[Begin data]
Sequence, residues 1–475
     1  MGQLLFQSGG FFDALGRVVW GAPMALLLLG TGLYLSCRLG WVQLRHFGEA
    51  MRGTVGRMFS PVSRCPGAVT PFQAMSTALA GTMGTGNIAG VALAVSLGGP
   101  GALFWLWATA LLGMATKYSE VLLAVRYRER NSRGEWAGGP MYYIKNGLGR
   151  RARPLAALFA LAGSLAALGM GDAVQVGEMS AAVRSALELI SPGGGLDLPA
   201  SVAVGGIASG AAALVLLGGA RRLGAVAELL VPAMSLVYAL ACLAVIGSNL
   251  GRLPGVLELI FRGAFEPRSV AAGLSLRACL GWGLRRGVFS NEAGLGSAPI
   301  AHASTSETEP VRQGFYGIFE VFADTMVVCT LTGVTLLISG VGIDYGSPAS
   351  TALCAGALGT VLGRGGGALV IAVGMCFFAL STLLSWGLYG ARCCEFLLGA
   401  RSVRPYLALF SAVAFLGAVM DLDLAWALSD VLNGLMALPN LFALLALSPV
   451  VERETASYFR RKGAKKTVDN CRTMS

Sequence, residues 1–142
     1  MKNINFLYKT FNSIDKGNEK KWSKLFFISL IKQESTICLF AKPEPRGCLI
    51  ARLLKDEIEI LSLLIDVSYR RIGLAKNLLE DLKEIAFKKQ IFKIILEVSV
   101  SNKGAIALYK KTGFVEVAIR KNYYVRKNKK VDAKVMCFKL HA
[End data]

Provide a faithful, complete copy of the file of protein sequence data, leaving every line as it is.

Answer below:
Sequence, residues 1–475
     1  MGQLLFQSGG FFDALGRVVW GAPMALLLLG TGLYLSCRLG WVQLRHFGEA
    51  MRGTVGRMFS PVSRCPGAVT PFQAMSTALA GTMGTGNIAG VALAVSLGGP
   101  GALFWLWATA LLGMATKYSE VLLAVRYRER NSRGEWAGGP MYYIKNGLGR
   151  RARPLAALFA LAGSLAALGM GDAVQVGEMS AAVRSALELI SPGGGLDLPA
   201  SVAVGGIASG AAALVLLGGA RRLGAVAELL VPAMSLVYAL ACLAVIGSNL
   251  GRLPGVLELI FRGAFEPRSV AAGLSLRACL GWGLRRGVFS NEAGLGSAPI
   301  AHASTSETEP VRQGFYGIFE VFADTMVVCT LTGVTLLISG VGIDYGSPAS
   351  TALCAGALGT VLGRGGGALV IAVGMCFFAL STLLSWGLYG ARCCEFLLGA
   401  RSVRPYLALF SAVAFLGAVM DLDLAWALSD VLNGLMALPN LFALLALSPV
   451  VERETASYFR RKGAKKTVDN CRTMS

Sequence, residues 1–142
     1  MKNINFLYKT FNSIDKGNEK KWSKLFFISL IKQESTICLF AKPEPRGCLI
    51  ARLLKDEIEI LSLLIDVSYR RIGLAKNLLE DLKEIAFKKQ IFKIILEVSV
   101  SNKGAIALYK KTGFVEVAIR KNYYVRKNKK VDAKVMCFKL HA